Summary: Sin kills the soul, the community, momentum and our witness in the world.

Most people don’t really “like” sermons on sin. They don’t like hearing them, and (at least in my case) they don’t really like preaching them. I think that is because judgmental-ism and “holier than thou” attitudes have typically characterized our discussions of sin, and often the end result has been twisted into helpless guilt, spiritual manipulation, or some other presentation that leaves us feeling like “bad little boys and girls” who have just been chastised and had better “try harder to be good” or else the big bad god in the sky will get us.

Ugh. No wonder we preachers today approach the topic with some trepidation, and often out and out avoidance. I think we in general, and I know myself in particular, struggle to know how exactly to preach on sin in an atmosphere of love – to deliver a message that is straight and true to Scripture and yet not come across as judgmental or “holier that thou” or make you as listener feel like “bad little girls and boys”. It is tough to get the message across that truly says (in both word and tone), “because I love you, I’m going to preach about sin, because sin destroys us, and I don’t want any of us to face that kind of pain.”

One of the main reasons I like to preach straight through Scripture is that it forces me to talk about what the Bible talks about, and today, in our journey through Acts, it talks about sin. So let’s read Scripture, and then dive into what it says together.

Acts 4:31-5:11 (NLT):

32 All the believers were united in heart and mind. And they felt that what they owned was not their own, so they shared everything they had. 33 The apostles testified powerfully to the resurrection of the Lord Jesus, and God’s great blessing was upon them all. 34 There were no needy people among them, because those who owned land or houses would sell them 35 and bring the money to the apostles to give to those in need. 36 For instance, there was Joseph, the one the apostles nicknamed Barnabas (which means “Son of Encouragement”). He was from the tribe of Levi and came from the island of Cyprus. 37 He sold a field he owned and brought the money to the apostles.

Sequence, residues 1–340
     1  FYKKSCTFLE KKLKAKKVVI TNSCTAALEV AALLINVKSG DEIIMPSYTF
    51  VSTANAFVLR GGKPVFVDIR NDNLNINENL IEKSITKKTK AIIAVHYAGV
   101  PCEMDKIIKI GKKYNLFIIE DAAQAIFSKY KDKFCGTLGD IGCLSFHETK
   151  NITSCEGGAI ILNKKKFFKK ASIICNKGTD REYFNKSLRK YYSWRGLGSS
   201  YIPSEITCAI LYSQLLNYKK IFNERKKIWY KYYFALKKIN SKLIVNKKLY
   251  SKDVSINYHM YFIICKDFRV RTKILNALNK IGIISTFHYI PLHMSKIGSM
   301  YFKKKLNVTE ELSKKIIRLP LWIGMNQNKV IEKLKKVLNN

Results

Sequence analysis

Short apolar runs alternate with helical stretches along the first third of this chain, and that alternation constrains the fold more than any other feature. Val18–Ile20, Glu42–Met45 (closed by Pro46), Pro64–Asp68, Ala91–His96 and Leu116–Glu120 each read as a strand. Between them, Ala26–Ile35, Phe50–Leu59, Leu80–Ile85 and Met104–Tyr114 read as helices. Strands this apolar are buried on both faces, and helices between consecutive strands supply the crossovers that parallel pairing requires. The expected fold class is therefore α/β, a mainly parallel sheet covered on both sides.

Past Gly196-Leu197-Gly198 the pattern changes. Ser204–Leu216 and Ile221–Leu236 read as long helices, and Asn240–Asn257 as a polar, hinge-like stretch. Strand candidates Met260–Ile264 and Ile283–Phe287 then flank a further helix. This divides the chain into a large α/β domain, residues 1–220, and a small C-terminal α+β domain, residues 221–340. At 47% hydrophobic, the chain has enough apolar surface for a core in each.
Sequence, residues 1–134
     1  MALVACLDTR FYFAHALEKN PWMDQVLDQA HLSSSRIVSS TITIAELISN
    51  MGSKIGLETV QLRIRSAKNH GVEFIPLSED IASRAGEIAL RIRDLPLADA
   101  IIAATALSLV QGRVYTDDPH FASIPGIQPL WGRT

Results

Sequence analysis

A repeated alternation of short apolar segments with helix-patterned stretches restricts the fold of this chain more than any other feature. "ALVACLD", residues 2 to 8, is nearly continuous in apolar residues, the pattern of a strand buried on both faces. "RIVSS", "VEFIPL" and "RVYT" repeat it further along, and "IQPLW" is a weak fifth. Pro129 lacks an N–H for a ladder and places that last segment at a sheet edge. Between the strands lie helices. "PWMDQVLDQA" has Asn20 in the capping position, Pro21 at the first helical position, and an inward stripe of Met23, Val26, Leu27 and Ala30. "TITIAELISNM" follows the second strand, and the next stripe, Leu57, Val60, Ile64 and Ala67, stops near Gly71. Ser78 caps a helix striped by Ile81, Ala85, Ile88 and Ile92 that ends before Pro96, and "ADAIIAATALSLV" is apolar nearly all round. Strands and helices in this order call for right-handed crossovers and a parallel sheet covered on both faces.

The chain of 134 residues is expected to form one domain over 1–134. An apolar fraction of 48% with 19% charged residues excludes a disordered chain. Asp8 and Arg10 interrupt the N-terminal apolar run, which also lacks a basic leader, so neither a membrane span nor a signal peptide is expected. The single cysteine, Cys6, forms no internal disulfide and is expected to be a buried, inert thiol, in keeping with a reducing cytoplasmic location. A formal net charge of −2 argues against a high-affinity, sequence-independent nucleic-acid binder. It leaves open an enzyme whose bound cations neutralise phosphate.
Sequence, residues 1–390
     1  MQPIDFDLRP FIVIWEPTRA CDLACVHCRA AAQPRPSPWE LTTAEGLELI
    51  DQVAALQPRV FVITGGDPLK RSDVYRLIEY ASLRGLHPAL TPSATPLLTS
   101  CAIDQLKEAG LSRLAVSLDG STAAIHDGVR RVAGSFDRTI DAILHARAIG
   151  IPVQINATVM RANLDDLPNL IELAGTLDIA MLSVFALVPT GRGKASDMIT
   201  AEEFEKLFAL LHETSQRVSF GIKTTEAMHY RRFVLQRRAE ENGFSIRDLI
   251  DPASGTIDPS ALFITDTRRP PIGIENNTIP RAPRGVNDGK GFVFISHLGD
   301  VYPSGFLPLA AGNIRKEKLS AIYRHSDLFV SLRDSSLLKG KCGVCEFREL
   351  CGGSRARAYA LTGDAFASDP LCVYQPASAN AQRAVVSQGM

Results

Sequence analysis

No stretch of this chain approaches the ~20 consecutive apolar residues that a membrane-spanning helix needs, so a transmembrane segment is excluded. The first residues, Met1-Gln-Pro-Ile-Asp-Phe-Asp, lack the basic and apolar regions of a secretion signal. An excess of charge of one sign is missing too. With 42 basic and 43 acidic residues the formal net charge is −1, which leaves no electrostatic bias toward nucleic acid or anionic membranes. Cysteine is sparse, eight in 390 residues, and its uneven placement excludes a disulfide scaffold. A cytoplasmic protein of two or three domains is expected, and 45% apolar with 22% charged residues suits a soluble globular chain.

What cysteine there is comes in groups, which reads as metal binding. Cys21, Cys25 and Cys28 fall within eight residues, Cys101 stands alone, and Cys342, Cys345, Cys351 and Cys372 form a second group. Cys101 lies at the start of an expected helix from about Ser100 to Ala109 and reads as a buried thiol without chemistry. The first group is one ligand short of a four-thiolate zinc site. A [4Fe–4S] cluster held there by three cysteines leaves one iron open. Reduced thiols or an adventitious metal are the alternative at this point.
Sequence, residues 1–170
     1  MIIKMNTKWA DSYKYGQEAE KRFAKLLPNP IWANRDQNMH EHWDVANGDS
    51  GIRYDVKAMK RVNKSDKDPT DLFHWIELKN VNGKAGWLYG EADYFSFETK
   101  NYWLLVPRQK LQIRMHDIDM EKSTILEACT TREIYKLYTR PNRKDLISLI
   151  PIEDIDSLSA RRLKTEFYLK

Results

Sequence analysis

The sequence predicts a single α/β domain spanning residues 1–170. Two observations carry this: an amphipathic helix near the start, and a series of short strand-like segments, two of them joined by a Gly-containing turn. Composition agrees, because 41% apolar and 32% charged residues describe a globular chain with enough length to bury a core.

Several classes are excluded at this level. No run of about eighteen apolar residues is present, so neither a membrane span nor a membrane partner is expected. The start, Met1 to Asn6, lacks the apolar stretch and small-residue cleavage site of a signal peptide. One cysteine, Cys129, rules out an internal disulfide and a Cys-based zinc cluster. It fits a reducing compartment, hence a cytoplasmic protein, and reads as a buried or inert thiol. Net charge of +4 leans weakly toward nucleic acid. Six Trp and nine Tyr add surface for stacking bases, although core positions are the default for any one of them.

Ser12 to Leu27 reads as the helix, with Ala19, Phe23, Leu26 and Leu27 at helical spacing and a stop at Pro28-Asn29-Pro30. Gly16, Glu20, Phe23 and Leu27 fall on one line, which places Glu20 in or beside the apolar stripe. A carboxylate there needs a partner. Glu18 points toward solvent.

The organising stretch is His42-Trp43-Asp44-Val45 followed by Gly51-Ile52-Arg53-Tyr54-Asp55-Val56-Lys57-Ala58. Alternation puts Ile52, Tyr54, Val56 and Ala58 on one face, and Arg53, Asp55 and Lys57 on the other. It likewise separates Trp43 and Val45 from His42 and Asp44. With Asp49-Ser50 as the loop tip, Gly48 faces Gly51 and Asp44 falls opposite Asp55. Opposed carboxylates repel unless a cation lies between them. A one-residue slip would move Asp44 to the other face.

1 But there was a certain man named Ananias who, with his wife, Sapphira, sold some property. 2 He brought part of the money to the apostles, claiming it was the full amount. With his wife’s consent, he kept the rest. 3 Then Peter said, “Ananias, why have you let Satan fill your heart? You lied to the Holy Spirit, and you kept some of the money for yourself. 4 The property was yours to sell or not sell, as you wished. And after selling it, the money was also yours to give away. How could you do a thing like this? You weren’t lying to us but to God!” 5 As soon as Ananias heard these words, he fell to the floor and died. Everyone who heard about it was terrified. 6 Then some young men got up, wrapped him in a sheet, and took him out and buried him.

7 About three hours later his wife came in, not knowing what had happened. 8 Peter asked her, “Was this the price you and your husband received for your land?” “Yes,” she replied, “that was the price.” 9 And Peter said, “How could the two of you even think of conspiring to test the Spirit of the Lord like this? The young men who buried your husband are just outside the door, and they will carry you out, too.” 10 Instantly, she fell to the floor and died. When the young men came in and saw that she was dead, they carried her out and buried her beside her husband. 11 Great fear gripped the entire church and everyone else who heard what had happened.


Before diving into the meaning of the passage, and how God wants us to respond to it, I need to back us up. Remember we are reading of a time and place and culture 2000 years removed from us, who didn’t think like we do today and who didn’t act like we do today. Understandings of death were very different, as were burial practices. So when we come to a story like this, we must be open to understanding it in its original context, to the best of our ability, and then ask God to help us understand what it means for us, in our context today.

I choose to begin the reading in chapter 4, the passage we studied last week, because it truly is all one section. The key introduction is the attitude reported in 4:32: “they felt that what they owned was not their own”, which we explored together last Sunday. This heart attitude is then contrasted – first the positive example of Barnabas, who “sold a field he owned and brought the money to the apostles.” (4:37). “But”… is the next word, which starts chapter 5. In contrast to Barnabas, we have a second example, this one not positive.

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